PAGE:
Johannes Quasten, Patrology, vol. III: The Golden Age of Patristic Literature (Westminster: Christian Classics, 1990) 99-100.
Didymus the Blind was a fourth century Christian thinker in Alexandria, Egypt. Quasten discusses Didymus’ belief in apokatastasis, the view that God will ultimately reconcile all beings to himself, including Satan and the demons. In the course of the discussion, Quasten states that Didymus “never tires of refuting the Manichaeans by showing that evil is not an essence [(ousia)] but an accidental condition, and that God will totally destroy it (Contra Man. 2, 1088).”
I could not find Didymus’ works online, but I figure that this post is an opportunity for me to learn more about the Manichaeans. I’ve often heard that Augustine was one of those before he became a Christian, and the word “dualism” comes to mind whenever I hear the term. But I don’t know much about the Manichaean belief system, and this blog presents a chance for me to learn.
The Quasten quote stood out to me because I often wonder if evil is the “essence” of who we are. In my eighth grade English class, I read Anne Frank, who was solidly convinced that all people are “good at heart,” even though the Nazis killed her family and her people. That’s puzzling, considering that a lot of Christians point to the Holocaust as if it’s empirical proof for original sin, the notion that human beings are corrupt and innately evil on account of the Fall of Adam and Eve.
And yet, I wonder if Anne Frank had a point. Perhaps there was some core of humanity even in the hearts of the Nazis, but it was buried underneath various things: lies they heard about the Jews, the prejudices of their culture, economic difficulties, training their minds to see others as less than human, etc. While they were certainly responsible for their horrible crimes against humanity, was their brutality the sum total of who they were–deep, deep down?
And, on a far lesser scale, the same may be true of the people I dislike: there is some humanity, or beneficence, deep down within them, despite the bad things that they do. An atheist acquaintance of mine in high school once remarked, “I think people are good, but we just do bad things.” My impression of human nature is not so positive, to tell you the truth, but I agree that there is at least some good in every person. I often wonder if the evil things that people do are “accidentals” rather than expressions of who they truly are deep down inside. I don’t know.
On Manichaeanism, I looked through the following articles:
My impressions are that (1.) the Manichaeans were dualists, who believed that there was a good force and a bad force of roughly equal power, and (2.) they were like the Gnostics in that they held the flesh to be evil and the soul to be good, albeit deceived. Christian opponents of Manichaeanism maintained, by contrast, that (1.) God was good and omnipotent, and (2.) flesh and matter were good creations of God, but they were fallen and corrupt as a result of the Fall. Evil, in the “orthodox” Christian scenario, was not a separate entity from the good, but rather a corruption of the good.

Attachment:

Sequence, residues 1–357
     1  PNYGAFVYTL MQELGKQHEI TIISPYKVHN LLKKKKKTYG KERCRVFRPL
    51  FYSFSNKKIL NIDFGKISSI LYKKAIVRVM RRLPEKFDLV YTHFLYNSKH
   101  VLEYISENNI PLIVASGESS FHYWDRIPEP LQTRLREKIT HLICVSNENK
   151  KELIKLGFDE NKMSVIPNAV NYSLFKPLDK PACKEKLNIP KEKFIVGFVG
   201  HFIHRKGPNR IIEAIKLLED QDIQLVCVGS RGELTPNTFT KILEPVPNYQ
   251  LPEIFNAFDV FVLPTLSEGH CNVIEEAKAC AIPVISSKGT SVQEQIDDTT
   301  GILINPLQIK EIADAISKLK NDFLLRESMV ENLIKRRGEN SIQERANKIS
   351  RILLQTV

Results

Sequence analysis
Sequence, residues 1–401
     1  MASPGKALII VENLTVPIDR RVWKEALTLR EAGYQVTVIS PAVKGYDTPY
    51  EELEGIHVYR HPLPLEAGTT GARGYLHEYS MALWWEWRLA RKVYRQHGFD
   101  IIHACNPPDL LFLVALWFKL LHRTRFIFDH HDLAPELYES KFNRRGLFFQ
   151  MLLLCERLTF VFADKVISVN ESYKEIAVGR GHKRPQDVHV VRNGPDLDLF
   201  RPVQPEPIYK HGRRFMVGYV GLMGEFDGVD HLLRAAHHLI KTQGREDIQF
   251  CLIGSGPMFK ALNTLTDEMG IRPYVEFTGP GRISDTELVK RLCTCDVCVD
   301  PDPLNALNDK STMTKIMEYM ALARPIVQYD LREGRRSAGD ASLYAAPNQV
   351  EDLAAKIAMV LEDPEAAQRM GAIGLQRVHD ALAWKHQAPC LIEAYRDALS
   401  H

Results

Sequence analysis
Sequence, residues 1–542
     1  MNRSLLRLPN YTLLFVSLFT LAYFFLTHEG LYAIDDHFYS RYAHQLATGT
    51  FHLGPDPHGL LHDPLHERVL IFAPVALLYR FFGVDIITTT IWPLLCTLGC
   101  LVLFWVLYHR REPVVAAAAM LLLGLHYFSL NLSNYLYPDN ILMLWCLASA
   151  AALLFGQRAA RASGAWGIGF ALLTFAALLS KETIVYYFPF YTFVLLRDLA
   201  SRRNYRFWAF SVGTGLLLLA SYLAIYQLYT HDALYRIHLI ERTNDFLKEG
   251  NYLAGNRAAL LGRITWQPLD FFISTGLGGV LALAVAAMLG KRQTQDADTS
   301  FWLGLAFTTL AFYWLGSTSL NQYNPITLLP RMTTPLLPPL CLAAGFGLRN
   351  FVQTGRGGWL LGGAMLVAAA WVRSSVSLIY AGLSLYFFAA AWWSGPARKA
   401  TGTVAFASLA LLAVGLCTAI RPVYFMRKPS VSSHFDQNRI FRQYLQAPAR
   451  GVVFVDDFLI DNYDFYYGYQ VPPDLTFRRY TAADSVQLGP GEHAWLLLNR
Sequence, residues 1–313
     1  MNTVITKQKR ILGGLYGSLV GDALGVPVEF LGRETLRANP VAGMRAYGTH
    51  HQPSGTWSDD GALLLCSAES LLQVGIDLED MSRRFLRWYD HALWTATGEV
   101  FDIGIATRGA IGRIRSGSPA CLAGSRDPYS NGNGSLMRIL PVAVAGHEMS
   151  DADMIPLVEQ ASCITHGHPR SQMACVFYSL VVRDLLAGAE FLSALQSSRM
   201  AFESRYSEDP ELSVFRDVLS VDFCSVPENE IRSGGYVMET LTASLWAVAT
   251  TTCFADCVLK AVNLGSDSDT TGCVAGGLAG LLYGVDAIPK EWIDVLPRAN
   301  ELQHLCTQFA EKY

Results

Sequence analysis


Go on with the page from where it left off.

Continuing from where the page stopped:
That could be why Didymus says evil is not our “essence”: God created us good, so our essence is good. But we’re broken, and that’s why we need God to fix us.
Here are some thoughts:
1. In terms of anthropology, the Manichaeans and the orthodox Christians overlap. Both believe that there’s a good part of humanity and a bad part, only they define them in different ways. The Manichaeans claim that humans have a good soul and bad flesh, whereas the orthodox Christians hold that human flesh is good yet fallen.
2. Maybe they’d part ways in their views on asceticism and sex, but I wonder to what extent. The Manichaeans were quite ascetic, yet so were “orthodox” Christians. Perhaps Augustine wasn’t as extreme as the Manichaeans, for he denies that eating flesh is harmful (see here) and supports marriage, notwithstanding all the bad things he says about lust (see here).
3. On the issue of sex, my readers know that I’ve often criticized the Christian “no-lust” rule, which appears in Matthew 5:28: “But I say to you that everyone who looks at a woman with lust has already committed adultery with her in his heart” (NRSV). Such a rule strikes me as profoundly ignorant of human nature, which has a sex drive. Saying “lust is bad” sounds so Manichaean to me! But is there a way to use an orthodox paradigm (which the orthodox may not have even used!): to acknowledge the human sex drive as something good and created by God, while recognizing that our misuse of it may fall short of what God intended? In this scenario, the solution would be not to extirpate the human sex drive, but to use it appropriately, in accordance with certain values. After all, notwithstanding Matthew 5:28, there are Scriptures that are more cognizant that we are naturally sexual animals. For example, I Corinthians 7:9 (which I prefer in the King James): “But if they cannot contain, let them marry: for it is better to marry than to burn.”
(Note: I still need to read Richard Foster’s Money, Sex, and Power, which Felix recommended to me, but I haven’t gotten to it.)
4. Is evil merely fallen goodness? I can understand the notion that evil people are not totally evil. As C.S. Lewis points out (I think in Mere Christianity), even Satan has his qualities, such as intelligence, beauty, etc. But there are things that seem so evil that they lack any shred of goodness: killing someone, raping or molesting a child, etc. One could perhaps argue that these acts flow from something good: a just sense that we’ve been wronged may motivate us to kill, a desire for prosperity could lead us to rob someone, sex is positive, etc. But evil looks to me like a separate entity from good: it is proactively hurtful and destructive, rather than a mere deficiency of goodness.
In any case, those are my thoughts for today. Feel free to chime in if you have anything to add!